Monday, September 03, 2007

Sanctification vs Justification

It's been traditional since the Reformation to draw a distinction between Justification and Sanctification. This is one of issues where I just can't fathom what the Reformers were thinking, since there seems no good reason for doing this. The two words mean substantially the same thing, and Paul uses them synonymously.

So it was with a sigh that today I read this post endorsing the traditional Protestant separation of justification and sanctification, written by someone who studies Paul's writings and thus ought to know better.

One of the other things that kind of makes me go "huh?" is that if someone demanded of me that I draw a distinction between Sanctification and Justification, then I would split the terms up the opposite way round. That is, the idea that the word "sanctification" in the Bible means what Protestants call justification and that "justification" means what Protestants call sanctification, is a more plausible hypothesis than the opposite. Given the evidence, it's silly to try to split the terms up, but if I had to that's how I'd split them... so I really don't get what the Reformers were thinking when they split them the way they did. Everyone in the church prior to the Reformation had held that they were synonymous and indicative of moral transformation, so why did the Reformers see fit to tamper, and tamper in such a bizarre and unevidenced manner at that? One of the mysteries of life, I suppose...

6 Comments:

Blogger InHim said...

Aren't we now justified by faith in forensic terms because of what Jesus did on the cross?

And isn't sanctification an already not-yet type Pauline theology? Where we are set apart to be holy and are in the process of becoming holy.

Let me know how your thinking is different on this.

3/9/07  
Blogger Andrew said...

Aren't we now justified by faith in forensic terms because of what Jesus did on the cross?

'No' on all counts. There is nothing significantly forensic about justification. The dikaio- word group (justification / righteousness) is about moral virtue and isn't forensic. Paul's view is that by following Christ's teaching and example faithfully we can escape from sinfulness and become virtuous. "Justification" (dikaiosis), literally "the process of becoming virtuous" (dikaio = virtue, sis = greek suffix indicating process) refers to the transformation in our lives from sinfulness to righteousness.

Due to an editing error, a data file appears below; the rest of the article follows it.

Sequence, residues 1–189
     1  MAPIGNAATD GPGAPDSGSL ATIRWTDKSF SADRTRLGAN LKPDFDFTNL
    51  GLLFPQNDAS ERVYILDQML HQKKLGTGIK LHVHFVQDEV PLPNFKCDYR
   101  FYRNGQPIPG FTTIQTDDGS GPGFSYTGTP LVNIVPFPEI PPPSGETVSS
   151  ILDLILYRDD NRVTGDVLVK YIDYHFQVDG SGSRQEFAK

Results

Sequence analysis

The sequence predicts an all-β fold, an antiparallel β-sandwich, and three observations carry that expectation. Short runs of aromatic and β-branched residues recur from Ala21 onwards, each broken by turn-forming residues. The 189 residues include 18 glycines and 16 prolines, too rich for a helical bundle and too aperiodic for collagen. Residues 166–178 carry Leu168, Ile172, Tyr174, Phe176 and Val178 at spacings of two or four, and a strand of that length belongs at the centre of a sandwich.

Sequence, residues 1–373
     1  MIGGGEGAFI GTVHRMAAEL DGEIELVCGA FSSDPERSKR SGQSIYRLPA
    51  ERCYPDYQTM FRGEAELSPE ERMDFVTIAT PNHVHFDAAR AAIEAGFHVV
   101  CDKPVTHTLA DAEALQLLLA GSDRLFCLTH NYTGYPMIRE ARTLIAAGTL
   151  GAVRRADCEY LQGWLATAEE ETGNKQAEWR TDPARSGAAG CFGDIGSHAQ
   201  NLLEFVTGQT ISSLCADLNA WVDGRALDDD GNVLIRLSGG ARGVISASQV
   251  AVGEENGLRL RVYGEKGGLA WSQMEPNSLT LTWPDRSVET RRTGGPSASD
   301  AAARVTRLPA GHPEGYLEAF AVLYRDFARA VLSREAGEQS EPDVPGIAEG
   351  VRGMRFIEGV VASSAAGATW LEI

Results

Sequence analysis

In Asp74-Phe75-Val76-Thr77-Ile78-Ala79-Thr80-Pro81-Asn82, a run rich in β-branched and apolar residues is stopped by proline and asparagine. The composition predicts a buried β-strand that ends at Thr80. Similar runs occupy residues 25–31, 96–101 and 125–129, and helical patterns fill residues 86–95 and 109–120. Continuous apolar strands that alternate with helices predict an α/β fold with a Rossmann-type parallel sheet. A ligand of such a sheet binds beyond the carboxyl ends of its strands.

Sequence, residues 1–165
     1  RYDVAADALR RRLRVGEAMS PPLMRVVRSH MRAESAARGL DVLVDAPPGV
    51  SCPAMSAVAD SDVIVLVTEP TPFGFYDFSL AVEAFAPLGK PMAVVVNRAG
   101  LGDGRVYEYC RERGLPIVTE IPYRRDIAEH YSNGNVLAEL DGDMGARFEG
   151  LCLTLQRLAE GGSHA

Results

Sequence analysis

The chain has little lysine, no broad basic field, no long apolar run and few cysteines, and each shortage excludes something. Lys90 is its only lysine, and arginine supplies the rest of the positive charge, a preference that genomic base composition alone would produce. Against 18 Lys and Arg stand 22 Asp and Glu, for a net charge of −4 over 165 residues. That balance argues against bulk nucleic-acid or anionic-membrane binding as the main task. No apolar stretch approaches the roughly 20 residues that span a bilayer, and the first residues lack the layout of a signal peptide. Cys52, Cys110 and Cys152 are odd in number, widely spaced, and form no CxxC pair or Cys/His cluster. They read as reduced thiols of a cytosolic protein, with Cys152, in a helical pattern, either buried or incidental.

The New Testament writers are not of the view that a supernatural cosmic saving event took place on the cross - ie they don't believe that Jesus 'did' anything on the cross in the normal sense. They see the death of Jesus as being part of the story of his life, teachings, resurrection, and followers. Christ's death alone by itself accomplished nothing, but rather it is the overall story that is special.

Yes, sanctification is already / not-yet type in Paul's theology. And the word justification is the same. Paul sees us at the moment of conversion repenting of our old life of sinfulness, and committing ourselves to a new life faithfully following Christ's teachings and imitating Christ. But this transformation continues gradually over time throughout the Christian life. Both the words justification and sanctification are used to describe this moral transformation and are both used to describe both the conversion and continuing phases of it.

An example of the interchangeability of the two terms is found in Acts 26:18 where Paul's message to the gentiles is summarized as Sanctification by Faith. (whereas Paul speaks in his letters of Justification by Faith) For the first fifteen centuries of Christianity, no one thought there was any substantial difference in meaning between these two terms.